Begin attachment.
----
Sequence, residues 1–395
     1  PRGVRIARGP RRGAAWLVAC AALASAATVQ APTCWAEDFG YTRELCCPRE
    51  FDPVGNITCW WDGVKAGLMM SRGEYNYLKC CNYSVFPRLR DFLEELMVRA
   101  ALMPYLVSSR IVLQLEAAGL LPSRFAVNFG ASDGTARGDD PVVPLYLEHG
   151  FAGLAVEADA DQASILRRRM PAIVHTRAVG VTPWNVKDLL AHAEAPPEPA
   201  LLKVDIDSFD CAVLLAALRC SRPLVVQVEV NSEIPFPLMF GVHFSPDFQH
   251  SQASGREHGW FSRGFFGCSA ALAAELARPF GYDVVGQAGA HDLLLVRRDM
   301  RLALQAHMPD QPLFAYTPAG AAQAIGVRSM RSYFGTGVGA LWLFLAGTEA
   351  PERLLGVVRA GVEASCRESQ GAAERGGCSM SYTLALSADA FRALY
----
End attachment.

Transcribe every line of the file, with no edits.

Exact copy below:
Sequence, residues 1–395
     1  PRGVRIARGP RRGAAWLVAC AALASAATVQ APTCWAEDFG YTRELCCPRE
    51  FDPVGNITCW WDGVKAGLMM SRGEYNYLKC CNYSVFPRLR DFLEELMVRA
   101  ALMPYLVSSR IVLQLEAAGL LPSRFAVNFG ASDGTARGDD PVVPLYLEHG
   151  FAGLAVEADA DQASILRRRM PAIVHTRAVG VTPWNVKDLL AHAEAPPEPA
   201  LLKVDIDSFD CAVLLAALRC SRPLVVQVEV NSEIPFPLMF GVHFSPDFQH
   251  SQASGREHGW FSRGFFGCSA ALAAELARPF GYDVVGQAGA HDLLLVRRDM
   301  RLALQAHMPD QPLFAYTPAG AAQAIGVRSM RSYFGTGVGA LWLFLAGTEA
   351  PERLLGVVRA GVEASCRESQ GAAERGGCSM SYTLALSADA FRALY